Around the Nation
Tue June 5, 2012
How Louisiana Became The World's 'Prison Capital'
Originally published on Tue June 5, 2012 1:07 pm
A new expose by The Times-Picayune of New Orleans calls Louisiana the "world's prison capital."
The state imprisons more people per capita than any other state or country in the world, with one out of every 86 adults behind bars. Its rate of incarceration is three times higher than Iran's and 10 times higher than Germany's.
How did Louisiana double its prison population in the past 20 years? And what differentiates it from other states?
The difference, says Times-Picayune reporter Cindy Chang, is that more than half of the inmates in the state are housed in local prisons run by sheriffs, and the state's correction system has created financial incentives for those sheriffs to keep prisons full.
"In Louisiana, the system has grown so that sheriffs house a lot of inmates who are serving state sentences," Chang tells Fresh Air's Dave Davies. "And the reason the sheriffs are willing to do that is because they get money in return for doing that."
A majority of Louisiana's inmates are now housed in for-profit jails, which are run in many instances by parish sheriffs located in rural areas of the state. The sheriffs receive approximately $25 a day per inmate.
In some instances, sheriffs outsource the prisons to for-profit companies who then operate the prisons themselves. In exchange, the sheriffs receive cash for their department, which allows them to hire more employees.
"We went to Jackson Parish ... and what the sheriff there gets is a guaranteed $100,000 a year, whether the prison is making a profit or not," she says. "But what he really gets — and he was not shy about using this word — is the patronage. Because his department, prior to this, had 50 employees, and now it has 150 employees. In a place like that, 100 jobs with benefits is huge. And what he means by patronage, of course, is that he'll get re-elected if he keeps supporting these [prison] jobs."
Conditions at the rural sheriffs' prisons differ remarkably from those in larger state institutions, says Chang.
"They're usually dormitories, and there's typically 80 or 90 women or men sleeping in a large room in bunk beds," she says. "And the difference is that people are just lounging around that dorm. They will literally sit there day after day, year after year, until their sentence is over. Whereas in a state prison, which is where most states house almost all of their inmates, you're busy whether you like it or not — you have a job or you take classes or you're learning a trade that will help you get a job when you get out."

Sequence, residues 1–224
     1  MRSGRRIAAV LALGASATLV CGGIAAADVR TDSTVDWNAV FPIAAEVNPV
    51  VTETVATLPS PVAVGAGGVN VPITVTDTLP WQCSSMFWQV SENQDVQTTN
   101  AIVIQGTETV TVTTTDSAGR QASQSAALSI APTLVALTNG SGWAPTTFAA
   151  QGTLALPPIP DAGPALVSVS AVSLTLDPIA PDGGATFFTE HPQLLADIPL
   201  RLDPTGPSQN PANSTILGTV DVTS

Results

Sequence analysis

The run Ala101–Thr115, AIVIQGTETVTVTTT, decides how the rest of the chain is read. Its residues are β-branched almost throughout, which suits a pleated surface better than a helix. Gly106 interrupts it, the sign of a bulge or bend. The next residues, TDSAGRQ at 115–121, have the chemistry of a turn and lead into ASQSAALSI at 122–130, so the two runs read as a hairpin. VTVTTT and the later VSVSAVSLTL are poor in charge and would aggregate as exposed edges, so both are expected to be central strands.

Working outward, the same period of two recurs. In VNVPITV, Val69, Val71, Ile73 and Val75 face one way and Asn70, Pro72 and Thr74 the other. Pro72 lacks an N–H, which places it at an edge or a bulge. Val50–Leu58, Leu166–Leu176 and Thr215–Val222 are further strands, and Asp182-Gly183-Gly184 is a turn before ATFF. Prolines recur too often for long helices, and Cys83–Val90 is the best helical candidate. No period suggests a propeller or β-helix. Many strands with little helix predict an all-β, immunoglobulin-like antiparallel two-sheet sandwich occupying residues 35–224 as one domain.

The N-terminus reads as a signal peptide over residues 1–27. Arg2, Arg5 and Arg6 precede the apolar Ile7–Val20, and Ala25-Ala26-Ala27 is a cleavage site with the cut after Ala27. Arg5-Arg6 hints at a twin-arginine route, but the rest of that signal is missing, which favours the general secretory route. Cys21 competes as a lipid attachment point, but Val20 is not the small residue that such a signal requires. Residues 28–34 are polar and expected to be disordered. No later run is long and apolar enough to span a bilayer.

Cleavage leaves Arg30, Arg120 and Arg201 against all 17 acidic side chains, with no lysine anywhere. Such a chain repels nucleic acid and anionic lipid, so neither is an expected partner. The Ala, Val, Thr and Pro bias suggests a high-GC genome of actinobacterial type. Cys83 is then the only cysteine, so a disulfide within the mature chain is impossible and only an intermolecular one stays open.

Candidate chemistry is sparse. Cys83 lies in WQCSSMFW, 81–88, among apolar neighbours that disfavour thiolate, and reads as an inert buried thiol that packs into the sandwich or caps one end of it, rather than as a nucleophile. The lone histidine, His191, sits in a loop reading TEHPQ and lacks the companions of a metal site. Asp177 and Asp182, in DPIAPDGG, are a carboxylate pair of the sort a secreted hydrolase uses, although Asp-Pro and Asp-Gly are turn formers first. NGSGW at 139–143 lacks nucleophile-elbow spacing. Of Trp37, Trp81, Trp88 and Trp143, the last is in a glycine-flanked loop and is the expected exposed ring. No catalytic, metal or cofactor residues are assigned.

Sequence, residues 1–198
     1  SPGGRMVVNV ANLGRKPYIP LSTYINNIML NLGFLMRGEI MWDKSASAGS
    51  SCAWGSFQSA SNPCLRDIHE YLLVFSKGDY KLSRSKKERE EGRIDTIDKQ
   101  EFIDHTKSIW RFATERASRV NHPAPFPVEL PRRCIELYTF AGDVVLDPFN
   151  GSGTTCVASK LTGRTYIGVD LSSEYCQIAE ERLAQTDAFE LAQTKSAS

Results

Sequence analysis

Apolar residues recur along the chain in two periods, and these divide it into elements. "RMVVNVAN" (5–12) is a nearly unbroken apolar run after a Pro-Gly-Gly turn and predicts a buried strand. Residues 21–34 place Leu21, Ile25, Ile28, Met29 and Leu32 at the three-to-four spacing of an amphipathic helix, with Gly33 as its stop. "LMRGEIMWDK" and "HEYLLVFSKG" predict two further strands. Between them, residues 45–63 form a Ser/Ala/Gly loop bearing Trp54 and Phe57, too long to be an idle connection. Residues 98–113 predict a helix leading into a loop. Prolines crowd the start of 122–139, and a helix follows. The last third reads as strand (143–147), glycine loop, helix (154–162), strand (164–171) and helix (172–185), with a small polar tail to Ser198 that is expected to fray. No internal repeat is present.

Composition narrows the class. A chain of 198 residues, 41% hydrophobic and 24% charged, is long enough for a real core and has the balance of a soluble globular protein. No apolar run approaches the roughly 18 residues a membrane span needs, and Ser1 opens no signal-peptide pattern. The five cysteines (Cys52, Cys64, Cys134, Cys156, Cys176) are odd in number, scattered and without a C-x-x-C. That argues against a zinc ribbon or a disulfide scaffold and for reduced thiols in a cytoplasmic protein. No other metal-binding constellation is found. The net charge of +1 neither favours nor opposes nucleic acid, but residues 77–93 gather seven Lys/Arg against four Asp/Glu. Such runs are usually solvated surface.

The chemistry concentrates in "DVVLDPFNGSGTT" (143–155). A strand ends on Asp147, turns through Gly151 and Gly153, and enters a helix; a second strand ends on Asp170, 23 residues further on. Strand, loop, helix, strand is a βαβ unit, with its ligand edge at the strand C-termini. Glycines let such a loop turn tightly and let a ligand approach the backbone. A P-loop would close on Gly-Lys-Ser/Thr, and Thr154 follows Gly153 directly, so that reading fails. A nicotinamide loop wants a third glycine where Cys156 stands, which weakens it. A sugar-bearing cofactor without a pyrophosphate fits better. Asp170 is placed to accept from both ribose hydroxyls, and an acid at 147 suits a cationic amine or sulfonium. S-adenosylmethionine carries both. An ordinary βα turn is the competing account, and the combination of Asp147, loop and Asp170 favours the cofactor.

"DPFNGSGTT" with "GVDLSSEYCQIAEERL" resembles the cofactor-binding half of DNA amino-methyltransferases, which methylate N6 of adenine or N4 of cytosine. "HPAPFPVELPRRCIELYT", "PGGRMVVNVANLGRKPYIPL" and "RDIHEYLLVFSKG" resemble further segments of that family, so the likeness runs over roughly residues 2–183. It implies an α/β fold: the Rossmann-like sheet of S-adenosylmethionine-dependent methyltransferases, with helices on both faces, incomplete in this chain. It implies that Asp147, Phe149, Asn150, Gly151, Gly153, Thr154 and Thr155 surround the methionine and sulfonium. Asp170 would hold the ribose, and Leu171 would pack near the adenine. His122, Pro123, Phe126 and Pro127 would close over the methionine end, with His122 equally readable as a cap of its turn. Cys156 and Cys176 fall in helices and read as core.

Each inmate is worth $24.39 a day in state money. Housing the inmates cheaply and providing few services means there's more money left over for the sheriff's department, says Chang.
"It's kind of a vicious cycle," she says. "If you can reduce the prison population, then hopefully you'll have more money to give the ones who are in the system more help. [But] the Sheriff's Association is one of the most powerful lobbies in the state. And they've consistently opposed any change that would reduce the prison population."
Louisiana's prison sentences are among the harshest in the country. The state leads the country in the percentage of inmates who are serving life without parole and exceeds the national average for the number of nonviolent offenders behind bars. Chang writes that a two-time car burglar can receive 24 years without parole. Three drug convictions can send a prisoner away for life.
Though the state's prison budget is $600 million, comparisons with other states are difficult, she says.
"Twenty-five dollars a day is incarceration on the cheap," she says. "In Louisiana state prisons they spend, on average, $55 an inmate, so the average in Louisiana comes out to $38 per day, per inmate, which is the lowest in the country. So if you look at the size of the budget, it's very misleading, because we're incarcerating two people to every one person in another state because we spend so little on them."
On Louisiana's prison budget
"A long-term consequence of our policies is that there has been less money to fund some of the very things that might keep people out of the prison system in the first place — like early childhood programs, schools, after-school programs, recreation programs."
On the profits made by rural prisons and sheriffs